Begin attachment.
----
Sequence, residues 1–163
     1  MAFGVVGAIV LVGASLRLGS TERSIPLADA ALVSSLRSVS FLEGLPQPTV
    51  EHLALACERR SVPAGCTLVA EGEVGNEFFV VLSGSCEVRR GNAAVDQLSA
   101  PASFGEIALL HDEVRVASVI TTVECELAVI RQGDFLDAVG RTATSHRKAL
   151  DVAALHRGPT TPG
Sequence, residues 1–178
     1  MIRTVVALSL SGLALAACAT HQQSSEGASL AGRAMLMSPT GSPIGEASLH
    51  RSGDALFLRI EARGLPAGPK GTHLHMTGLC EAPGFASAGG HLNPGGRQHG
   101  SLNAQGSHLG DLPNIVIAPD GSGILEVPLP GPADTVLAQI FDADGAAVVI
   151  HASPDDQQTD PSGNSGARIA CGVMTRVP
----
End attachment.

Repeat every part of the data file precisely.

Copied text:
Sequence, residues 1–163
     1  MAFGVVGAIV LVGASLRLGS TERSIPLADA ALVSSLRSVS FLEGLPQPTV
    51  EHLALACERR SVPAGCTLVA EGEVGNEFFV VLSGSCEVRR GNAAVDQLSA
   101  PASFGEIALL HDEVRVASVI TTVECELAVI RQGDFLDAVG RTATSHRKAL
   151  DVAALHRGPT TPG
Sequence, residues 1–178
     1  MIRTVVALSL SGLALAACAT HQQSSEGASL AGRAMLMSPT GSPIGEASLH
    51  RSGDALFLRI EARGLPAGPK GTHLHMTGLC EAPGFASAGG HLNPGGRQHG
   101  SLNAQGSHLG DLPNIVIAPD GSGILEVPLP GPADTVLAQI FDADGAAVVI
   151  HASPDDQQTD PSGNSGARIA CGVMTRVP